Maximize Your Savings with Small Business Tax Tip Understanding Depreciation


Business owners can take this valuable income tax deduction by depreciating the value of property or assets. Know what’s happening with your free credit report and know when and why your score changes.

In this informative blog post, we will explore the concept of depreciation and how it can be utilized as a valuable small business tax tip to save you significant amounts of money. Discover how depreciation reflects the decline in value of assets over time and why it’s important to grasp its potential tax benefits.

Its tax time, and as a small business owner you should be looking to take every single business deduction youre entitled to. One deduction you may have forgotten about is depreciation: the continual decline in the value of property, which can be used to offset income from your business.

Depreciation can lead to valuable income tax deductions that save small business owners thousands of dollars each year. But figuring out exactly how to calculate and claim the deduction is where things can get a little confusing.

What is depreciation?

Depreciation allows small business owners to reduce the value of an asset over time, due to its age, wear and tear, or decay. Its an annual income tax deduction thats listed as an expense on an income statement; you take a depreciation deduction by filing Form 4562 with your tax return.

Depreciation is also the process by which a business writes off the cost of a capital asset. When you spend, say, $30,000 on an asset, you wouldnt necessarily claim a $30,000 expense upfront; rather, youd depreciate the asset over time, eventually claiming the full cost.

Assets that are typically depreciable include buildings, computers, equipment, machinery, office furniture and work vehicles, but you might also be able to depreciate intangible property such as patents or copyrights, according to the IRS. Property that cannot be depreciated includes land (since it does not get used up and it is not subject to wear and tear), inventory (since it is meant for sale), and leased property (since you dont own it).

Commonly, depreciation is taken against buildings owned by the business, equipment, and even smaller items like computers and cellphones, says Jason Reiman, a financial planner and advisor based in Tucson, Arizona.

You use depreciation to decrease your tax burden, since you are lowering your overall taxable income. But its important to understand that depreciation does not affect your companys cash flow or its actual cash balance, since its a non-cash expense.

For example, lets say you own a restaurant that earns $100,000 in net income this year — the money youve made after accounting for all costs of operating your business, including operating expenses and investments — but you take total depreciation deductions of $25,000 on the building you own. The IRS would tax you on $75,000 of income instead of $100,000 because of the deduction. At a corporate tax rate of 35%, youd save $8,750 on taxes.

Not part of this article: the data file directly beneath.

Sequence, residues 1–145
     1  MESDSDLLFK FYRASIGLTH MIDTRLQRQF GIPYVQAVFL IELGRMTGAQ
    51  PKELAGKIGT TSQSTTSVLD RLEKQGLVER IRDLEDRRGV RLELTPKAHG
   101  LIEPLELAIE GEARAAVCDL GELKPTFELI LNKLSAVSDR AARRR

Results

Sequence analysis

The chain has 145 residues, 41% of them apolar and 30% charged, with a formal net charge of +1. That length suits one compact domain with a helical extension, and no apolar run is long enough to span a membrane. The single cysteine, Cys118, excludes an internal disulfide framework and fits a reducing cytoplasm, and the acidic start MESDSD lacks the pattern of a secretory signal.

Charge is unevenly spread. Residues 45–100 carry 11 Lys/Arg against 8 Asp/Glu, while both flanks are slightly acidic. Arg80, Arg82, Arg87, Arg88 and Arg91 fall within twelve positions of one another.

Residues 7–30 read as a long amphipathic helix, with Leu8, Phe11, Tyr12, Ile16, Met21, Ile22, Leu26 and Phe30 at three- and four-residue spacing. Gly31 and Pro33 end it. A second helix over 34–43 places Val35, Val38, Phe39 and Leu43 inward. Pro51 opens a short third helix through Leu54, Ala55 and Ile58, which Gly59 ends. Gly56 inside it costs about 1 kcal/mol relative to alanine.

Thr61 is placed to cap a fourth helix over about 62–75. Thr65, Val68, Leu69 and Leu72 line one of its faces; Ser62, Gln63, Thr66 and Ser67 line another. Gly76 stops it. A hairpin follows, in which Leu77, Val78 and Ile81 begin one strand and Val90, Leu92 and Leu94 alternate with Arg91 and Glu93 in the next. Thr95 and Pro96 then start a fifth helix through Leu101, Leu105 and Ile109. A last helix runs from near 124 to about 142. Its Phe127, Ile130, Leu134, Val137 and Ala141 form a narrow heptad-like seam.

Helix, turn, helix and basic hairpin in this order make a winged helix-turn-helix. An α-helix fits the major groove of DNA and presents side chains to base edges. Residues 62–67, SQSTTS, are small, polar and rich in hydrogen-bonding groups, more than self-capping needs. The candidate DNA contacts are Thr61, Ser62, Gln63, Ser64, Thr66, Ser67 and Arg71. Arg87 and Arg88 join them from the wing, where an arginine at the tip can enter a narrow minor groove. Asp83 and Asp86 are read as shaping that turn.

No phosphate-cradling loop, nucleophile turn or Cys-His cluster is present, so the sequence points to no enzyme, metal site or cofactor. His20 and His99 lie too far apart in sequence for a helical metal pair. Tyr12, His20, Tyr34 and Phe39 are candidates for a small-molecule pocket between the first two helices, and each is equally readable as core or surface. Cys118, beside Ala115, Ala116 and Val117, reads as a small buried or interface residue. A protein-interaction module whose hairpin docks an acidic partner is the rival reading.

How to figure depreciation

Here comes the tricky part: figuring out how much of a depreciation deduction you can take on your assets.

In order to use depreciation as a deduction, you must be the owner of the property, and it must have a useful life of more than one year. The IRS requires that you write off the depreciation over the useful life of the asset. You can begin to depreciate the property once its in use, and you stop depreciating it when youve fully recovered its cost or you stop using it in your business.

Computers, office equipment, cars and trucks, and appliances can be written off up to five years; office furniture and fixtures such as desks can be written off over seven years; residential rental properties can be written off over 27.5 years; and commercial buildings or non-residential properties can be written off over 39 years, according to IRS Publication 946.

To figure out how much you can depreciate, you need to know the initial cost of the asset and how long you can depreciate it for. You can then use one of three depreciation methods:

Straight-line method: Youll depreciate the property an equal amount each year over its useful life. To come up with the annual amount you can depreciate, subtract the assets salvage value (the amount you could get by selling it at the end of its useful life) from its cost, and divide that figure by the number of years in its useful life.

For example, if you purchase a computer for $1,000 and it has a salvage value of $200 and a five-year life, you’d be able to deduct $160 in depreciation each year.

Accelerated method: With this method, youll be able to take larger depreciation deductions in the first few years of the propertys useful life, and smaller deductions later on. This is the method most commonly chosen by small businesses, according to TurboTax.

Youd use the IRSs modified accelerated cost recovery system (MACRS) and refer to the IRSs percentage table guide in Publication 946, Appendix A to figure out your deductions.

Section 179 Deduction: This allows you to deduct the entire cost of the asset in the year its acquired, up to a maximum of $25,000 beginning in 2015.

Depreciation is something that should definitely be appreciated by small business owners. But since youd rather spend time growing your small business than figuring out complicated tax rules, hiring a tax professional is likely a smart move.

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small business tax tip

small business tax tip

small business tax tip